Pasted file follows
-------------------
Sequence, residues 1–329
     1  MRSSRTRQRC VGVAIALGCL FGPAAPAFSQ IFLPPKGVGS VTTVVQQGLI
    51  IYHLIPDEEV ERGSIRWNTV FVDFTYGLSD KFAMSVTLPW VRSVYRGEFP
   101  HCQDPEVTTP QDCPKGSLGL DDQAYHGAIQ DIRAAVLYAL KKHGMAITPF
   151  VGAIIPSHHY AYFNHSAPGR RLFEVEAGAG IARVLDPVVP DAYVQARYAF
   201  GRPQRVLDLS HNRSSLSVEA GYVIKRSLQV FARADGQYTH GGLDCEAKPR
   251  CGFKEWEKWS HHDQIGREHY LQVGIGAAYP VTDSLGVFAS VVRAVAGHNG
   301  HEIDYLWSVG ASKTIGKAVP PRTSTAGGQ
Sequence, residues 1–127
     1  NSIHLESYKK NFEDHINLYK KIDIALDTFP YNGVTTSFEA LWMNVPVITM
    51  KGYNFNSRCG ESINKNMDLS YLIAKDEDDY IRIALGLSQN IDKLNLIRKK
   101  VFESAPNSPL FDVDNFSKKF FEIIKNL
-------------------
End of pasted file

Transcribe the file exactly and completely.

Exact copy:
Sequence, residues 1–329
     1  MRSSRTRQRC VGVAIALGCL FGPAAPAFSQ IFLPPKGVGS VTTVVQQGLI
    51  IYHLIPDEEV ERGSIRWNTV FVDFTYGLSD KFAMSVTLPW VRSVYRGEFP
   101  HCQDPEVTTP QDCPKGSLGL DDQAYHGAIQ DIRAAVLYAL KKHGMAITPF
   151  VGAIIPSHHY AYFNHSAPGR RLFEVEAGAG IARVLDPVVP DAYVQARYAF
   201  GRPQRVLDLS HNRSSLSVEA GYVIKRSLQV FARADGQYTH GGLDCEAKPR
   251  CGFKEWEKWS HHDQIGREHY LQVGIGAAYP VTDSLGVFAS VVRAVAGHNG
   301  HEIDYLWSVG ASKTIGKAVP PRTSTAGGQ
Sequence, residues 1–127
     1  NSIHLESYKK NFEDHINLYK KIDIALDTFP YNGVTTSFEA LWMNVPVITM
    51  KGYNFNSRCG ESINKNMDLS YLIAKDEDDY IRIALGLSQN IDKLNLIRKK
   101  VFESAPNSPL FDVDNFSKKF FEIIKNL